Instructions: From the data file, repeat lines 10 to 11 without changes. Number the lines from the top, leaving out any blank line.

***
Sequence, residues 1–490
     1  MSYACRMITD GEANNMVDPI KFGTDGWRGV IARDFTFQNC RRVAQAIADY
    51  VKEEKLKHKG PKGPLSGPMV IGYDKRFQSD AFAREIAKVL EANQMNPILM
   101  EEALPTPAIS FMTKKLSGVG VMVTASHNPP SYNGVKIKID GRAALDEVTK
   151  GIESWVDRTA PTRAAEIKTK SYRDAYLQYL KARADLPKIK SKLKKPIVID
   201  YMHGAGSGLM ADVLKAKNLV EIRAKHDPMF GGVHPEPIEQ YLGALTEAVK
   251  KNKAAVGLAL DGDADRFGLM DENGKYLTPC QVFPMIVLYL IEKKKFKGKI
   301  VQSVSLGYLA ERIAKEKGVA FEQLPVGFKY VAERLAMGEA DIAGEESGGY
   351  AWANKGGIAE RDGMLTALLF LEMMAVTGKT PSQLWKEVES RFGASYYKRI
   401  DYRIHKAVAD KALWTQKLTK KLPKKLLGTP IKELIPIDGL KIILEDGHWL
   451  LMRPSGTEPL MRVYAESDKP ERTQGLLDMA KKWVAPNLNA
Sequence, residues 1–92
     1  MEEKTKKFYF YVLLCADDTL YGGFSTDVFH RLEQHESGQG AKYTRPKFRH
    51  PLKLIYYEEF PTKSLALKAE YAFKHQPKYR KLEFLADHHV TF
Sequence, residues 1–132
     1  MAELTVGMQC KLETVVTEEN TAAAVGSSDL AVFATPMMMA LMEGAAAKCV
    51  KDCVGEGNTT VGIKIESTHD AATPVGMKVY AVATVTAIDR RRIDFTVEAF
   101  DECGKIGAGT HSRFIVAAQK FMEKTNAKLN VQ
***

   401  DYRIHKAVAD KALWTQKLTK KLPKKLLGTP IKELIPIDGL KIILEDGHWL
   451  LMRPSGTEPL MRVYAESDKP ERTQGLLDMA KKWVAPNLNA